In 1981, an Indian flag was placed on the island, along with a Border Security Forces base, which was frequently visited by Indian naval gunships. The property dispute between Bangladesh and India is now a thing of the past, thanks to climate change.
New Moore Island in the Sunderbans has been completely submerged, said oceanographer Sugata Hazra, a professor at Jadavpur University in Calcutta. Its disappearance has been confirmed by satellite imagery and sea patrols, he said. "What these two countries could not achieve from years of talking, has been resolved by global warming," said Hazra.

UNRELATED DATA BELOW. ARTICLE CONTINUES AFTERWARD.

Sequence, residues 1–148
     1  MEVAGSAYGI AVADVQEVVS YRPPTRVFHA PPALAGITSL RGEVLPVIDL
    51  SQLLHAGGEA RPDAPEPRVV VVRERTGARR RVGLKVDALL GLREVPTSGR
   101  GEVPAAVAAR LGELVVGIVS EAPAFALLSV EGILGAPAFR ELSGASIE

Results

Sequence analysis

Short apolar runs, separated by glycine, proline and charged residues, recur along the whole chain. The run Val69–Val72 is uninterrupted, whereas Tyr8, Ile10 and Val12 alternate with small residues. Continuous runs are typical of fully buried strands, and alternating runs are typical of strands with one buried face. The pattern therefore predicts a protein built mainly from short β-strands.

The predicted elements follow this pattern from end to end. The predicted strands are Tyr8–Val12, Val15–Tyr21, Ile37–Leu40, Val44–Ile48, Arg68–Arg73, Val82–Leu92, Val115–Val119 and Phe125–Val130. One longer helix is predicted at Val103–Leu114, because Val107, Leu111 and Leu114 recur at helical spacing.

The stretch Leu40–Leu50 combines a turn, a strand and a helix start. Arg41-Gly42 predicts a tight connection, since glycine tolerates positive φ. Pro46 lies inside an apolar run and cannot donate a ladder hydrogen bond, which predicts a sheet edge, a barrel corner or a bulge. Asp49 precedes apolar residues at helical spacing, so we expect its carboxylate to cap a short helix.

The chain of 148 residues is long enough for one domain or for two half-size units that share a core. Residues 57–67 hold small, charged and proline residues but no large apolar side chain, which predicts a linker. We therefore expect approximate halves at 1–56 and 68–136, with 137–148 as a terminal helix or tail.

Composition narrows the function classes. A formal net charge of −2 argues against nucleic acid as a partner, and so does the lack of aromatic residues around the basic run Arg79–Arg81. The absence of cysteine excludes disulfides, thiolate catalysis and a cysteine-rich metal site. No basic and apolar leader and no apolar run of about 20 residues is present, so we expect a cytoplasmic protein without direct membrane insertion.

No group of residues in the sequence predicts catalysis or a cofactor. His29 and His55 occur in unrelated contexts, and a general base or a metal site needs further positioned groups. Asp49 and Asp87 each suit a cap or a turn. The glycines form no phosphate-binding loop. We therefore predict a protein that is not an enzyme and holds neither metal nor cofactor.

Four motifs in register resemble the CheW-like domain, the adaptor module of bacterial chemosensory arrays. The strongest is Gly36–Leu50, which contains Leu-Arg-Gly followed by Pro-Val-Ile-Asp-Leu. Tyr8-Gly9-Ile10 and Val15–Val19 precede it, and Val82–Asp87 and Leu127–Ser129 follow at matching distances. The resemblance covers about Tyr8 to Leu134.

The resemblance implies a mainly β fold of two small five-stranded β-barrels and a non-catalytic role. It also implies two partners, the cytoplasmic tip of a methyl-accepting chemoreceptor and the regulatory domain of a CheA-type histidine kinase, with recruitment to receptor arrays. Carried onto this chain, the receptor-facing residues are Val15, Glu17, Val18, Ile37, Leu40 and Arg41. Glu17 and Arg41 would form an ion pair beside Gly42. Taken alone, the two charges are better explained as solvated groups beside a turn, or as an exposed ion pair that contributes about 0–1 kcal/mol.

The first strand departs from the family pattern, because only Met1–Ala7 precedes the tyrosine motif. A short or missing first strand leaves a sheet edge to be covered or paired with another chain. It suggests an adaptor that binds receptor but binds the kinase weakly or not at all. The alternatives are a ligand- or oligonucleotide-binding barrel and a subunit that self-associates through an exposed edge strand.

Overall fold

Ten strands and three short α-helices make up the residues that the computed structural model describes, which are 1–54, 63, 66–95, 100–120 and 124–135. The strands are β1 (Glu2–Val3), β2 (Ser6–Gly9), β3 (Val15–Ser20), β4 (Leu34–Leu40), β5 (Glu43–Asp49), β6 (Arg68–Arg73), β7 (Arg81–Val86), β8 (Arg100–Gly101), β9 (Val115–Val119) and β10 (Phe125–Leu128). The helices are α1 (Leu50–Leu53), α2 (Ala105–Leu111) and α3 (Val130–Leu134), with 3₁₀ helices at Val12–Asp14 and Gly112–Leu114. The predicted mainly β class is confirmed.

Scientists at the School of Oceanographic Studies at the university have noted an alarming increase in the rate at which sea levels have risen over the past decade in the Bay of Bengal.
Until 2000, the sea levels rose about 3 millimeters (0.12 inches) a year, but over the last decade they have been rising about 5 millimeters (0.2 inches) annually, he said.
Another nearby island, Lohachara, was submerged in 1996, forcing its inhabitants to move to the mainland, while almost half the land of Ghoramara island was underwater, he said. At least 10 other islands in the area were at risk as well, Hazra said.
Professor Hazra predicts that 15 per cent of the Indian Sundarbans region on the northern shore of the Bay of Bengal will be submerged by 2020.